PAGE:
When we got we got within a ten day weather forecast window of our backpacking trip and the forecast looked good, the three of us agreed to "go for it". We all reserved cabins at the Log Cabin Motel in Pinedale, Wyoming for Thursday night September 6th. Our plan would be to head for the Big Sandy trail head on Friday morning - - backpacks loaded and ready.

 

As a shiftless (you could add lazy, stubborn, and unconventional to that) retiree, who no longer works (my wife still works part time), I was free to drive down to the trail head and return back home, at my own whims and predilections. Early on, my wife and I agreed not to include her on this particular backpacking trip as we didn't know how "tough or easy" the route up Jackass Pass (10,800') might be and it would be difficult to get the right days off in September.

 

"THE STORY" DAY ONE: I left our home in Eastern Washington at four in the morning. I had our small, old, high mileage SUV packed with both my backpacking gear and "road travel" gear. It had been packed and double checked, the night before.

 

As with any road trip or hike, the earlier I get going the better I like it. I'm like a kid in that respect. Can't wait.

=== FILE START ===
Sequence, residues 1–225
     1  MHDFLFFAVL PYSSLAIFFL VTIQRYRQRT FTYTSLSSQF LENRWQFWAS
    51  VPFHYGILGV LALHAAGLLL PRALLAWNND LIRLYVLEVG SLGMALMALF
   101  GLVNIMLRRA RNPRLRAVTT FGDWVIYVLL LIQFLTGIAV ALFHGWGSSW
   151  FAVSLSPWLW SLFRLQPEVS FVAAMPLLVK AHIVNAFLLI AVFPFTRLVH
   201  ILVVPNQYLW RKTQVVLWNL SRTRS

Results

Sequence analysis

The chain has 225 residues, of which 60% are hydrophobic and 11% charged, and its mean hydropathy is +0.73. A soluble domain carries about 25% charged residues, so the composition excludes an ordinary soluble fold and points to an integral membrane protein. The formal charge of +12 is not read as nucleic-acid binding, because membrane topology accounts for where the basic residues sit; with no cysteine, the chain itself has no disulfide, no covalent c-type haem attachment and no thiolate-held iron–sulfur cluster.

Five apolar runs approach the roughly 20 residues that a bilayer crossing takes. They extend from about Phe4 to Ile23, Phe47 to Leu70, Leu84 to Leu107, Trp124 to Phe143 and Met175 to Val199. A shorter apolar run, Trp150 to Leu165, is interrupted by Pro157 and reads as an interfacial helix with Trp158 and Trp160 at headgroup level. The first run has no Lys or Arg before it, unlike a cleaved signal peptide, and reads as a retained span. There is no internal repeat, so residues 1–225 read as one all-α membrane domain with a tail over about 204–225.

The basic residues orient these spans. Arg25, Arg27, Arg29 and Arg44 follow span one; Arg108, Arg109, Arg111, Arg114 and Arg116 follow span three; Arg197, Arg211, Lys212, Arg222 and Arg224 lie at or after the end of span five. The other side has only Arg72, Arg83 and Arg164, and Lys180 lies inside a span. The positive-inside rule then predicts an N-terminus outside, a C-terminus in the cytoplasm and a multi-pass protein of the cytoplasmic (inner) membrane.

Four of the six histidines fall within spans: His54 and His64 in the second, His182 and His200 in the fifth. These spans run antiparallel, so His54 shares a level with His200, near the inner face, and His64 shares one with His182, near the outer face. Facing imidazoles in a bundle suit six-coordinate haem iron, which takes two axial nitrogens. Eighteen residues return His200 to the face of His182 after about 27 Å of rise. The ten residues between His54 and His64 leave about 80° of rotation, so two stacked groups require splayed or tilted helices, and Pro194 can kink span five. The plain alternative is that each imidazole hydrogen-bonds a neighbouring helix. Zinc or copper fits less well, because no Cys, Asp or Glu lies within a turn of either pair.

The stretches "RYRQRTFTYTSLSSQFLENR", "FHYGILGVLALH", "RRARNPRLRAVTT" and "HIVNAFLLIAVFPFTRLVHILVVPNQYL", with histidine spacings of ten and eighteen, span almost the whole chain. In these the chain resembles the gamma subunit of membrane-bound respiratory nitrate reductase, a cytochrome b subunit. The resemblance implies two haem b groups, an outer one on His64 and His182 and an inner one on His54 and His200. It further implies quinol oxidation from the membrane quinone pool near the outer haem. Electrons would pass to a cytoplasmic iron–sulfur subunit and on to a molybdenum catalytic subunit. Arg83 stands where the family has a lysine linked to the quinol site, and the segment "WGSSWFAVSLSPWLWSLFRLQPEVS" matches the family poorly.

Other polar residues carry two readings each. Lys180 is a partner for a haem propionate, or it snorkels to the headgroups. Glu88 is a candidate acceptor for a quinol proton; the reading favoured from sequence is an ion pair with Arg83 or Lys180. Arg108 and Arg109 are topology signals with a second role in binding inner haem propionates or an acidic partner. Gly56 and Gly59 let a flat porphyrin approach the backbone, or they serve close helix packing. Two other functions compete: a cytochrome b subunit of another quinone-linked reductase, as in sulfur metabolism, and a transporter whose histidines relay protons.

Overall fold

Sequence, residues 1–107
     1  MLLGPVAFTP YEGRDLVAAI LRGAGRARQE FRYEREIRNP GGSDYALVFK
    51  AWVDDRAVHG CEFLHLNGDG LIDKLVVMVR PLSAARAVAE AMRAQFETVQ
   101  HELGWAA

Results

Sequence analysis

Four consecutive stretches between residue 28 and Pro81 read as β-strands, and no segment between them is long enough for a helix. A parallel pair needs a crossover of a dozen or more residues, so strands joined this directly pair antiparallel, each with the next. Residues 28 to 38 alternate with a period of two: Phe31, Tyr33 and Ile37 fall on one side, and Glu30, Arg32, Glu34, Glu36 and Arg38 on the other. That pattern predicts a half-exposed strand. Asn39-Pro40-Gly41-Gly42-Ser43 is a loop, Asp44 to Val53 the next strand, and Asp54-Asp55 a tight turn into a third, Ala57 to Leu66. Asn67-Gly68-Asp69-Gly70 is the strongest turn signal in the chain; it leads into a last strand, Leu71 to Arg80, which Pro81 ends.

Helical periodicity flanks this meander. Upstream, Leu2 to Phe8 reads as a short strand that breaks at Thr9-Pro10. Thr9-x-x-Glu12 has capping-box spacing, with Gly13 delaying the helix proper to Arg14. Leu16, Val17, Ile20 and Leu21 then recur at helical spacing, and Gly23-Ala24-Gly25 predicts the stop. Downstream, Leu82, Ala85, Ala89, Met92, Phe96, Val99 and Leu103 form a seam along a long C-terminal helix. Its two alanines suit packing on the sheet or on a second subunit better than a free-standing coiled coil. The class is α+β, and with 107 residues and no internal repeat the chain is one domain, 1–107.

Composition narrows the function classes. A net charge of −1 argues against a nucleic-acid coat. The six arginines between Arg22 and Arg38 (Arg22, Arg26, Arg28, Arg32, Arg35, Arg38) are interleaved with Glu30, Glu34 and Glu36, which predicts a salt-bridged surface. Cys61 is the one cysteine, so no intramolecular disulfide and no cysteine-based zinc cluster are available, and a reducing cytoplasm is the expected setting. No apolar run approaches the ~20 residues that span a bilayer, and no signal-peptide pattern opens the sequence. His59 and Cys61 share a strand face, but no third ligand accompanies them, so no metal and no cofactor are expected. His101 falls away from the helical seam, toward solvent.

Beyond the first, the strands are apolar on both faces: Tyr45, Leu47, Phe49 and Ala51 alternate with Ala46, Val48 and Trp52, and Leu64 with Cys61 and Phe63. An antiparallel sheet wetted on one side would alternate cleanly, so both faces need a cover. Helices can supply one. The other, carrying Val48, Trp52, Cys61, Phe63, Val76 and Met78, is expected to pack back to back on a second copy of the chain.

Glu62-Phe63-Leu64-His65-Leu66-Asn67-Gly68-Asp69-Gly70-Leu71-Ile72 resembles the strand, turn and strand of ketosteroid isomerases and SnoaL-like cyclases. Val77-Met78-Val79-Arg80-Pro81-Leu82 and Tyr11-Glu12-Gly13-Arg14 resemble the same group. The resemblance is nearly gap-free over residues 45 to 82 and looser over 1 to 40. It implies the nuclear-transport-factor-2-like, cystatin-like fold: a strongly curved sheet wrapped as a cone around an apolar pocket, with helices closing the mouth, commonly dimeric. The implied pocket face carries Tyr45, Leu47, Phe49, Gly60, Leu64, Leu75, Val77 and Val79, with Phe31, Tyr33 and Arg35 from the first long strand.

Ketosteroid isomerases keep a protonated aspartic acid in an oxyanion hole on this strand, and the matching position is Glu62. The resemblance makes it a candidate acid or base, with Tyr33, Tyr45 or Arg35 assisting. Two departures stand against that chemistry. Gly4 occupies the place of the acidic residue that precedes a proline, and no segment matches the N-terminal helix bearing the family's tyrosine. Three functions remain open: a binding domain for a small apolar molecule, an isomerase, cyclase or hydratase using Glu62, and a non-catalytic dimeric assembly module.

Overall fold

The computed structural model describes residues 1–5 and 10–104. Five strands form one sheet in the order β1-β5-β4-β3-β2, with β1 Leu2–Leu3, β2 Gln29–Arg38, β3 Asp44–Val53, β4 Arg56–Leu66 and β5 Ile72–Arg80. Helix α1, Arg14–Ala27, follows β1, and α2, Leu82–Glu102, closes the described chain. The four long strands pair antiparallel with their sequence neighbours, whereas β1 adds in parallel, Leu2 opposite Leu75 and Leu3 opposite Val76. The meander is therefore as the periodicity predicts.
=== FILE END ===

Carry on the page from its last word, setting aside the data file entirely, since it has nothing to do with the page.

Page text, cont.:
I drove the interstate (I-90) east and at a steady pace. My goal was to reach a camping spot anywhere between Red Lodge, Montana and the Beartooth Pass, leading into the Northeast entrance of Yellowstone National Park.

 

I stayed on I-90 all the way through Spokane, Missoula, Three Forks, Bozeman, and the small town of Columbus, Montana. Here I left the interstate and purposefully drove a highway I had never traveled before. I took Montana highway 78 through Abarokee and "downtown" Roscoe to Red Lodge, Montana.

 

My plan was to camp between Red Lodge and Northeast entrance to Yellowstone NP, so I could travel the spectacular Beartooth Pass highway, right at dawn. My wife and I had tried to travel the pass a few years ago (from south to north) but it was closed so we improvised an took the scenic highway 296 highway to Cody, Wyoming on that trip. But it had been many years since last crossing the Beartooth Pass (10,947') and I was anxious to do so again.

 

There was a problem and that was forest fires. Whether started by lightening, careless people, or on purpose as "managed" fires as they call them, the smoke can diminish the scenic beauty of an area quickly and I had driven through lots of such wildfire smoke on this trip already.

 

I found an excellent place to camp just as dark started to arrive. I backed my old RAV4 up to within a stone's toss of the rumbling creek (Rock Creek) and slept in the bed I had prepared in the back of the old Toyota RAV4 with 150,000 miles on it. Breaking camp the next morning would consist of crawling from the bed in the back to the driver's seat and starting the engine (followed closely by turning the heat to high and the fan to full).